Tiny Mighty Tuber—the Sunchoke

Share this post

By Heidi Lewis

The sunchoke has more aliases than the World Wrestling Federation’s roster of “Tanks,” “Crashes,” and “Hulks.” It has been called “sunroot” and “earth apple,” but its other most common moniker is “Jerusalem artichoke.” It has nothing to do with Jerusalem, as this vegetable is an American native, but rather the mispronunciation of girasole (Italian for sunflower). It has nothing to do with artichokes either: legend has it that French explorer Samuel de Champlain found Native Americans cultivating this root veggie in the 1600s, and his European colleagues thought it tasted like artichokes.

The sunchoke plant (Helianthus tuberosus) grows an average of 5–10 feet tall and resembles a sunflower (it’s a member of the same genus). Sunchoke tubers are somewhat reminiscent of ginger root in appearance, and tend to be 3 or 4 inches long and an inch or 2 thick. They are sometimes a stand-in for potatoes, as their texture is similar, but they can also be eaten raw and have a nutty, slightly sweet flavor.

One special feature of the sunchoke is inulin (not insulin). Inulin is a naturally occurring simple sugar that the plant stores, like starch—but it’s not starch. Normal digestion does not break inulin down into monosaccharides that elevate blood sugar, so it may be helpful in the management of diabetes. Almost 19 million Americans have diabetes, so there’s a chance someone you know will appreciate a sunchoke gratin.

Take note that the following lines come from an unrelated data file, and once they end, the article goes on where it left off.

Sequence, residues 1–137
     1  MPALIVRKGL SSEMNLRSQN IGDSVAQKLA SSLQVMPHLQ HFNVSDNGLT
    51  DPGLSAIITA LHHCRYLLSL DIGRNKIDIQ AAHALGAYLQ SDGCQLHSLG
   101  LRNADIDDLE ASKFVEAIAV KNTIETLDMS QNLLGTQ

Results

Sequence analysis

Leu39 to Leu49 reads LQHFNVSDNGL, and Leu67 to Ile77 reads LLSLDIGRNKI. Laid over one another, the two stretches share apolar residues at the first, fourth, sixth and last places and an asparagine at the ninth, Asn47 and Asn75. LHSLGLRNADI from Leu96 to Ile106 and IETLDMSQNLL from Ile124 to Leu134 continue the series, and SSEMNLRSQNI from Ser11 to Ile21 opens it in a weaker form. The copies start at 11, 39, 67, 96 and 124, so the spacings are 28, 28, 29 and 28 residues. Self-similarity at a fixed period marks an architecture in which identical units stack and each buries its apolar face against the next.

Subscribe to the WEEKLY BITE

* indicates required

 

Recent Food articles:

Two Easy Recipes for Canning Stone Fruit
June 25, 2019
The health benefits of honeydew melon
June 20, 2019
The delicate flavors of white peaches and nectarines
June 13, 2019
Onions, garlic, and leeks provide many nutritional benefits
May 30, 2019
History of the tomato
April 18, 2019
How to prepare Ataulfo mango
April 4, 2019
Making the most of citrus season
February 14, 2019
Three hearty soup recipes you can enjoy all month
February 4, 2019
Tempting winter fruits to brighten your weekly mix
January 31, 2019
Easy meal prep recipes you can eat all week
January 7, 2019

More recent articles:

Summer muffin recipe
July 18, 2019
Assumptions can harm both recruiters and job seekers
July 16, 2019
Simple summer salad dressing recipes
July 11, 2019
Summer fruit varieties and when you’ll be seeing them
July 9, 2019
Easy summer pasta recipe
July 4, 2019
How to create a dress code that works all year
July 2, 2019
More employers are getting serious about time off
June 27, 2019
Don’t let plantar fasciitis pain break your stride
June 11, 2019
How to make stone fruit jams and butters
June 6, 2019
Listen and learn something new about work life—wherever you are
June 4, 2019

About Us

Our online magazine offers a taste of workplace culture, trends, and healthy living. It features recipes for easy, delicious work meals and tips on quick office workouts. It's also an opportunity to learn about our GoodWorks program, which helps those in need in our communities and supports small, sustainable farms.